In response, the NAA invited Prof. Leff, and Prof. Friedrich’s son, Paul Friedrich, to address the NAA Board of DIrectors meeting in Chicago in April; NAA chairman Jay Smith spoke about the issue in his address to the recent NAA annual convention; and the NAA asked Prof. Leff to write an article about the topic for the NAA’s flagship publication, Presstime Magazine.

The signatories on the Wyman petition included Marvin Kalb and Alex Jones of Harvard University’s Shorenstein Center on the Press, Politics, and Public Policy; Martin Peretz, editor in chief, and Leon Wieseltier, literary editor, of The New Republic; Victor Navasky, Publisher Emeritus of The Nation; and Nicholas Lemann, dean of the Columbia University School of Journalism.


Wyman Institute director Dr. Rafael Medoff spoke at the Yom HaShoah commemoration of Congregation Kehilat Jeshurun in New York City, and showed excerpts from the Wyman Institute’s interview with former U.S. Senator George McGovern about his World War II bombing missions near Auschwitz. Stuart Erdheim, director of the film “They Looked Away” (about the failure to bomb Auschwitz), who helped conduct the interview with McGovern, also took part. Kehilat Jeshurun’s spiritual leader, Rabbi Dr. Haskel Lookstein (who is also a member of the Wyman Institute’s Academic Council) moderated the event.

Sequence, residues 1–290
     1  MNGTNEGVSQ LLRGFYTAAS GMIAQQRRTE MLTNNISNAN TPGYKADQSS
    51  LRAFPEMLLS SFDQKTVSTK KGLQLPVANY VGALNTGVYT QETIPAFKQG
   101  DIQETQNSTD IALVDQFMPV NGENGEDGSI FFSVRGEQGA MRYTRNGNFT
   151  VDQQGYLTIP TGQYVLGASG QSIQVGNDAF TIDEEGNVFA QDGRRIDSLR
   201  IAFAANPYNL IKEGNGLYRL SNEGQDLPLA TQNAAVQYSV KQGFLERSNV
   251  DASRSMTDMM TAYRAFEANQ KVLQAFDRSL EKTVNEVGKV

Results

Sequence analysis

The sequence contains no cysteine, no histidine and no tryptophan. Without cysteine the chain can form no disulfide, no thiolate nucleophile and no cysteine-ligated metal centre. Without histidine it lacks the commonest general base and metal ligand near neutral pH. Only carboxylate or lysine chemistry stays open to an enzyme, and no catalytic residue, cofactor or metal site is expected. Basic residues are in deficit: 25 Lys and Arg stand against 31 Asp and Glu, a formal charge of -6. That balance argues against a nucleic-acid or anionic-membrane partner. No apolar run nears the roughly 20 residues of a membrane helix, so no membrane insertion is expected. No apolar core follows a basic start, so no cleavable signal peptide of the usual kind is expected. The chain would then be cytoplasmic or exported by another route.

After Nation editor Katrina van den Heuvel authored an op-ed in the Washington Post urging writers and public figures to stop comparing their opponents to the Nazis, the Wyman Institute organized a letter of support signed by eleven of the world’s most prominent Holocaust scholars. The letter was published in the Washington Post on March 30.


II. The Wyman Institute in the News

The Wyman Institute’s event honoring Hiram Bingham IV was reported on CNN on May 24 and featured in a lengthy article in the Washington Post on May 25; as a result, a segment about Bingham is scheduled to air on the CBS Evening News on May 30 … The Wyman Institute’s petition concerning the abandonment of German Jewish refugee journalists in the 1930s was the subject of major articles in the New York Times on February 20 and March 13. It was also featured in articles in Editor & Publisher and the Chronicle of Higher Education, and Prof. Leff was interviewed on CNN’s “Reliable Sources” and National Public Radio’s “All Things Considered.”